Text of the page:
News

Help Cryptocat Pay Infrastructure Costs in 2017

February 20, 2017

Ever since Cryptocat's re-write and re-release in March 2016, the software has grown to serve more than 20,000 users weekly, providing state-of-the-art encrypted desktop messaging, file sharing and video messaging. At any given moment, at least 500 Cryptocat users are active in a conversation.

While Cryptocat, as a project, avoids accepting funding for its software, serving these users comes at a cost. Therefore, we are currently paying infrastructure and monthly server fees out of our pocket to keep the service running. We are announcing a fundraiser to help us pay back our infrastructure costs for 2016. Click here to donate now, or keep reading for details.

Infrastructure Costs for 2016

2017 Fundraiser Pie Chart

Here's a breakdown of our infrstructure costs, which for this year totals €754. As you can see, Cryptocat does not cost too much to run. However, it would be nice to have a bunch of users pool their resources together to offset the cost, instead of having a single software developer keep paying for everything year after year.

None of these costs are within our control: we rent an affordable but reliable server infrastructure to ensure our high reputation for service availability, update delivery and file sharing. We pay yearly fees to renew code signing certificates so users can guarantee the authenticity of our Windows, Mac and Linux releases. We also pay for some miscellaneous services, such as GitHub, to host private repositories and for QA testing.

Fundraiser Progress

€7 out of €754

This progress bar is updated manually but at least once a day. Help us fill it up, and contribute today!


Cryptocat 3.2.08 Release Notes

February 20, 2017

Cryptocat 3.2.08 is now available and brings the following improvements:
  • Security Update! A bug which could allow the person you're chatting with to obtain your IP address by sending a specially crafted audio file has been resolved. Please update immediately in order to benefit from stronger privacy while using Cryptocat. We thank Jason Donenfeld for filing his report.
  • Cryptocat for Windows's installer has been improved.
  • Cryptocat for Linux is now distributed as an AppImage, which should improve compatibility and ease of use across Linux distributions.
  • Cryptocat for Mac's menus and OS integration has been improved.
  • Bug fixes and performance improvements.
In order to obtain the update, open the Help menu and click on Check for Updates.

An Open Letter to The New York Times

December 17, 2016

Dear The New York Times newsroom and information security staff,

On December 15, 2016, nytimes.com published a new tips page that offers individuals who want to blow the whistle on newsworthy issues ways to do so without risking their security and privacy. There is no question that this commendable decision, taken by a newspaper of record, is a significant asset towards a more effective free press.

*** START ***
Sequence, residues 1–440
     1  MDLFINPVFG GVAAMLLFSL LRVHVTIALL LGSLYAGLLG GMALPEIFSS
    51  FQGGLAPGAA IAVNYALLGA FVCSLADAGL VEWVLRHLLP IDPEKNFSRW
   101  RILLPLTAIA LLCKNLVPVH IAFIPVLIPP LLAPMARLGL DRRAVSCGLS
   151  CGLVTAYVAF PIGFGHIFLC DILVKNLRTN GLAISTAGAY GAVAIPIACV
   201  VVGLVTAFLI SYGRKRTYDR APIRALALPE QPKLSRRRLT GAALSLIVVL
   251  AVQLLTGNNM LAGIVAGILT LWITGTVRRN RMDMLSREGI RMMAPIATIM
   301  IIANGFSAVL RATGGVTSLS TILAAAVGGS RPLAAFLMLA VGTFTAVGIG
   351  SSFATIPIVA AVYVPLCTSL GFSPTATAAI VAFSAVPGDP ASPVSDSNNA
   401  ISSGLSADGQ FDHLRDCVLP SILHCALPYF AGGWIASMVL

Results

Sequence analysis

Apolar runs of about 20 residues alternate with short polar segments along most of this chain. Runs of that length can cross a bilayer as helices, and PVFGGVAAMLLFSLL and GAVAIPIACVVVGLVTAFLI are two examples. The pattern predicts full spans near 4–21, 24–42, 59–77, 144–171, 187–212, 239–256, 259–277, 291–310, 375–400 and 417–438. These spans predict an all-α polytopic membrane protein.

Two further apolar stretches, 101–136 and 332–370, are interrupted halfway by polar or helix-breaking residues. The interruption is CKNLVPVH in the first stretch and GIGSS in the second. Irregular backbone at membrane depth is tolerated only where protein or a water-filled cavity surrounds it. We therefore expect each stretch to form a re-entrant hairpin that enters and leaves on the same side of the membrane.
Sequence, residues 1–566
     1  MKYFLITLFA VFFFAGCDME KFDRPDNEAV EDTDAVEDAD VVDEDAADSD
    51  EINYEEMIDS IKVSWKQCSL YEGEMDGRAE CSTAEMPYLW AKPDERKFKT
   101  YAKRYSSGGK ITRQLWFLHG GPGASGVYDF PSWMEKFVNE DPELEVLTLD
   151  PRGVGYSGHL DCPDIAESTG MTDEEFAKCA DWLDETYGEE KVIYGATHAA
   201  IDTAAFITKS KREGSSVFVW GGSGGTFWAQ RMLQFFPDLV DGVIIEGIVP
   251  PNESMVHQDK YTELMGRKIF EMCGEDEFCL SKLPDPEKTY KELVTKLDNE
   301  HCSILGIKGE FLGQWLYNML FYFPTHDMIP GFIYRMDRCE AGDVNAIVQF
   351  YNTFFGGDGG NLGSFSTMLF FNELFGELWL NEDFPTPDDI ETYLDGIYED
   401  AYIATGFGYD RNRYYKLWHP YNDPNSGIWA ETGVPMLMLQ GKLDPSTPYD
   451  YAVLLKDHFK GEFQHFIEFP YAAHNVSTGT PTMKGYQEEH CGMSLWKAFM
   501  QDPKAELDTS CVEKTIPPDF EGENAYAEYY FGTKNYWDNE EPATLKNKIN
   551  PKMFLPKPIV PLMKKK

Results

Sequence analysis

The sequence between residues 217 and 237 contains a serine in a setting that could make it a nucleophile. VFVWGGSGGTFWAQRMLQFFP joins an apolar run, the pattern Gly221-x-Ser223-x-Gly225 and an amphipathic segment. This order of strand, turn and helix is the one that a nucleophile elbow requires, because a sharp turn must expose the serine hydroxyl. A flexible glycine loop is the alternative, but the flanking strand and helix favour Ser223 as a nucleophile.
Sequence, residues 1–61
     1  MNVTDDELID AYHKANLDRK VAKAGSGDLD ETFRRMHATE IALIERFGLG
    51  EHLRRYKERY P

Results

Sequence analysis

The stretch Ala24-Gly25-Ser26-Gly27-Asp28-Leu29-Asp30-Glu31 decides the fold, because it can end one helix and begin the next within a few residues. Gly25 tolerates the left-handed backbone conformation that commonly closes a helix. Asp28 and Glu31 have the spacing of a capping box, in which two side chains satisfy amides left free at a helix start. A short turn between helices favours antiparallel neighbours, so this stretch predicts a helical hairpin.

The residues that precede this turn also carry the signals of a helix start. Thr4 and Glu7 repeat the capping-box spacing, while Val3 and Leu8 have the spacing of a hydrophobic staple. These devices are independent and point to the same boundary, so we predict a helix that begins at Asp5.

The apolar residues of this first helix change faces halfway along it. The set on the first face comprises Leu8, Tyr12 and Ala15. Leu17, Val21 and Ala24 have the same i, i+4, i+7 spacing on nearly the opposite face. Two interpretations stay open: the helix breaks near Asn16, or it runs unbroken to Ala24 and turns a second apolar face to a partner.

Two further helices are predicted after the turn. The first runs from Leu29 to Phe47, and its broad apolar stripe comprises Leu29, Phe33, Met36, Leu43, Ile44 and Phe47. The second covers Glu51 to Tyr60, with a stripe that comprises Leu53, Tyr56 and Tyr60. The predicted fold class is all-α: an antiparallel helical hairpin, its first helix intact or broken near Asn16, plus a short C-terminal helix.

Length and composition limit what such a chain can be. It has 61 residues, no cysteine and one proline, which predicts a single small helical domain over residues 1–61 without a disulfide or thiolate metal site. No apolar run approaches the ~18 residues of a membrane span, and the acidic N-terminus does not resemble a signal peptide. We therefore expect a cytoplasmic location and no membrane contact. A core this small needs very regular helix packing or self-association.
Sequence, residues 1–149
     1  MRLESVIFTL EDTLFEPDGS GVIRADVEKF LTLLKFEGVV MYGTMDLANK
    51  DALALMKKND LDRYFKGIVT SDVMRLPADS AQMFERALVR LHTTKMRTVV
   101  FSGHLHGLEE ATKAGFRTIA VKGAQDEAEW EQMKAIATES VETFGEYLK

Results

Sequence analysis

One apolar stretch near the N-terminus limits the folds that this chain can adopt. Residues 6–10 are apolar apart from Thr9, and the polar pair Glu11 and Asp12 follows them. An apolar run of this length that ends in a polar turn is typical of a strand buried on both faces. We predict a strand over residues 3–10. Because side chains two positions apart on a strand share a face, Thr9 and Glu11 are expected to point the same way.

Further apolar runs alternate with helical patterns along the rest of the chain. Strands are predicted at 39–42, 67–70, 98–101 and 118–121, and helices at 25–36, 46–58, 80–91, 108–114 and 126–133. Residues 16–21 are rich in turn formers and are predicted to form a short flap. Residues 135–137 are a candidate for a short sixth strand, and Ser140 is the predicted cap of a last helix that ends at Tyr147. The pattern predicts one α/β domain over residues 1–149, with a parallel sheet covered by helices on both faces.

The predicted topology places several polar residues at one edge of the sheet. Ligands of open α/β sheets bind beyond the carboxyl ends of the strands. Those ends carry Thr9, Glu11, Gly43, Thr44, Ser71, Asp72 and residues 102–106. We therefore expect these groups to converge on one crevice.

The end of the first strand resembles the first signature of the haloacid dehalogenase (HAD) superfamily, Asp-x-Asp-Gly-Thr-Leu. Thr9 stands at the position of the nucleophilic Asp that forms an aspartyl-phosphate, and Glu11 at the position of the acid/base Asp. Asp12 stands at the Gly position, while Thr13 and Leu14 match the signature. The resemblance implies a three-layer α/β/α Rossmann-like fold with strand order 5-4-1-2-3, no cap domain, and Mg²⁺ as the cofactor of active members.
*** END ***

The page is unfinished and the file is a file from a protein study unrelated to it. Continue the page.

The New York Times makes itself available to tipsters via cutting-edge privacy technologies such as SecureDrop and Signal. SecureDrop has been deployed in many of the world's most important newsrooms and has almost certainly aided in the publication of the most ethically significant leaks of this decade. Signal's parent company, Open Whisper Systems, has indirectly allowed more than a billion people access to indisputably strong encryption. Cryptocat's own development was strongly influenced, and has influenced, these tools: we adopted a variant of Signal's encryption protocol in March 2016, which was clearly superior to our own, and our early research on client-side web encryption in 2011 set the stage for SecureDrop and Mailvelope (another recommended tool) to follow in using similar engineering fundamentals, oftentimes by learning through our own early engineering mistakes and thereby avoiding them.

Cryptocat was also funded by the same primary backer as SecureDrop, Signal and Mailvelope: the Open Technology Fund, an institution financed by public U.S. taxpayer dollars which supports independent efforts towards a more secure and private Internet. As a side-note, Cryptocat was even featured in a The New York Times article back when it (and myself) were quite young and starting up.

Cryptocat does not offer the services of either Signal or SecureDrop: it does not run on mobile devices and its user experience is not directly focused on the anonymous leaking of documents. Cryptocat is desktop software that offers a service similar to Google Talk or Yahoo Messenger: desktop chat with the ability to send large files, video messages, and offline messages. Unlike those services, Cryptocat couples these features with strong encryption, support for multiple devices and advanced security features such as certificate pinning, forward secrecy and future secrecy. When you use Cryptocat, the aim is that we cannot ever decipher the messages and files you communicate.

However, The New York Times's tips page also recommends a third tool, PGP, implemented through the Mailvelope browser extension, which allows users to send encrypted emails to The New York Times.